Martin Fox, president of a Houston-area tennis academy also pleaded not guilty. Fox, who is also involved in guiding student basketball players to college, allegedly accepted at least $250,000 in bribes to help Singer with both athlete recruitment and test-taking fraud, prosecutors said.
Donna Heinel, the former senior associate athletic director at USC, pleaded not guilty to racketeering conspiracy on Monday and her attorney said she is looking "forward to reviewing the government's evidence and fullying restoring Donna's reputation in the college athletic community."
"These charges come as a complete shock," Heinel's attorney, Nina Marino, said in a statement. "Anyone who knows Donna Heinel knows she's a woman of integrity and ethics with a strong moral compus."
The nationwide scheme was prosecuted in Boston partly because it was uncovered by FBI agents working there on an unrelated case, officials said.
Some members of Singer's inner circle also appeared before a federal judge in Boston, including his bookkeeper Steven Masera. Mikaela Sanford, who was also employed by Singer, allegedly took online classes for certain students and is accused of "secretly taking" art history and biology classes so that the daughter of Robert Zangrillo, founder and CEO of Dragon Global, a Florida-based private investment firm, could get into USC, according to the federal indictment.
Igor Dvorskiy and Niki Williams, who both served as a college entrance test adminitrators, appeared in court Monday and pleaded not guilty to charges they both allowed Mark Riddell, a private school counselor in Florida, to take entrance exams for students or correct them on the sly, according to the indictment.
Riddell, 36, who is charged with two criminal charges of conspiracy to commit mail fraud, has apologized for his involvement in the scam.
"I want to communicate to everyone that I am profoundly sorry for the damage I have done and grief I have caused those as a result of my needless actions. I understand how my actions contributed to a loss of trust in the college admissions process," Riddell, who is scheduled to appear in Boston federal court in April, said in a statement earlier this month. "I assume full responsibility for what I have done."
Loughlin and Giannulli have been ordered to appear in federal court in Boston in April. They are charged with allegedly paying Singer a bribe of $500,000 "in exchange for having their two daughters designated as recruits to the USC crew team -- despite the fact that they did not participate in crew -- thereby facilitating their admission to USC," according the indictment.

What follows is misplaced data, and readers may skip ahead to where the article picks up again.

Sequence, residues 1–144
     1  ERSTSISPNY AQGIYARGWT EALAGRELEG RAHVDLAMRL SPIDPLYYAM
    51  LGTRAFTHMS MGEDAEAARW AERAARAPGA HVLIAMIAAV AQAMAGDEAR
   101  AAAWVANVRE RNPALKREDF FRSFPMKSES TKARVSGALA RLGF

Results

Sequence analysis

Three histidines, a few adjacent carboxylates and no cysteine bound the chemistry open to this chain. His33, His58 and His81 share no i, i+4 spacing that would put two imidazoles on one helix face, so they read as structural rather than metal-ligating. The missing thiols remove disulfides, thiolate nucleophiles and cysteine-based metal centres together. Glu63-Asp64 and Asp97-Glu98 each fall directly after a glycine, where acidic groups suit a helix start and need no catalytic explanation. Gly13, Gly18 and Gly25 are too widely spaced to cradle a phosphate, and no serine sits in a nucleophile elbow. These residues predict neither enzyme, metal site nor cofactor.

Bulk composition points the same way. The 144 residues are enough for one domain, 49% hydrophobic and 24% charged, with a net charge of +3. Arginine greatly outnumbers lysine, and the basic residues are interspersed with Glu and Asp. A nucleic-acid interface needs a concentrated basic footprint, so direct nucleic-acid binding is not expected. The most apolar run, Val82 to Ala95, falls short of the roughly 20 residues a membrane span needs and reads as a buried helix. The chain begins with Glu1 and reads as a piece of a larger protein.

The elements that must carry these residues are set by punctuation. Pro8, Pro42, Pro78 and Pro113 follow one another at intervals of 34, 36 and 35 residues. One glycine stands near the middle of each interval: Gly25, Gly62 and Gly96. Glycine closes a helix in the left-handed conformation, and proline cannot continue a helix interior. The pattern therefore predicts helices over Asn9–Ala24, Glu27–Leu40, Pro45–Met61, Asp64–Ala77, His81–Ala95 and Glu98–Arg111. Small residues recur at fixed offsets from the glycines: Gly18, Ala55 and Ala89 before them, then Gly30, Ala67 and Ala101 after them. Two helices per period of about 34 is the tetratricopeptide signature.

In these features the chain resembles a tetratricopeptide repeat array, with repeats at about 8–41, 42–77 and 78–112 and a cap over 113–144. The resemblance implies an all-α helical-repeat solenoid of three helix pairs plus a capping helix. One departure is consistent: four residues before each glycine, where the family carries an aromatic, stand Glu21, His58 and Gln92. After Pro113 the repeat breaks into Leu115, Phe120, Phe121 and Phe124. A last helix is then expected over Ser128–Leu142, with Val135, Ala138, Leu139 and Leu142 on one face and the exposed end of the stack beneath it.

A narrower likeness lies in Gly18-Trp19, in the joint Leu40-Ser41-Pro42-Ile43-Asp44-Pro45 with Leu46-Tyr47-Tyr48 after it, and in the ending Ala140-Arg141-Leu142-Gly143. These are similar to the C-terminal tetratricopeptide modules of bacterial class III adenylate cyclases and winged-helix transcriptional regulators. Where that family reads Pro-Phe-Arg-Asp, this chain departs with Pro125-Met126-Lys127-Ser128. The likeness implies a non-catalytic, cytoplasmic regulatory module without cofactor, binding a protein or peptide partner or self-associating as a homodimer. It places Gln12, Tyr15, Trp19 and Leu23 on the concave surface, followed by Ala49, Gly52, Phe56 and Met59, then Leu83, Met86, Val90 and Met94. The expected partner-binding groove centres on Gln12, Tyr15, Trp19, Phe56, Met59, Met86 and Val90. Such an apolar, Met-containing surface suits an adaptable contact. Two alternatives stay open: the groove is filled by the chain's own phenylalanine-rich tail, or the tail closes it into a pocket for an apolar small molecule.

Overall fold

Loughlin's two daughters, including Olivia Jade Giannuli, a popular YouTube vlogger with more than 2 million online followers, are among numerous students under investigation at USC and could face discipline, including being removed and banned from the school, officials said.
Huffman's husband, actor William H. Macy, was not indicted, but according to court documents he and Huffman were caught on a recorded conversation with a corroborating witness in the case, allegedly discussing a $15,000 payment to ensure their younger daughter scored high on a college entrance exam. Huffman was indicted on charges stemming from the $15,000 she allegedly disguised as a charitable donation so her older daughter could take part in the college entrance cheating scam, the indictment reads. But Huffman and Macy apparently decided not to go through with scheme for their younger daughter.
Huffman is scheduled to appear in Boston federal court on Friday.
Singer, owner of a college counseling service called Edge College & Career Network, allegedly accepted bribes totaling $25 million from parents between 2011 and 2018 to guarantee their children's admission to elite schools, according to the indictment.
"This case is about the widening corruption of elite college admissions through the steady application of wealth combined with fraud," Andrew Lelling, the U.S. attorney for the District of Massachusetts, said at a news conference on March 13. "There can be no separate college admissions system for the wealthy and, I'll add, there will not be a separate criminal justice system either."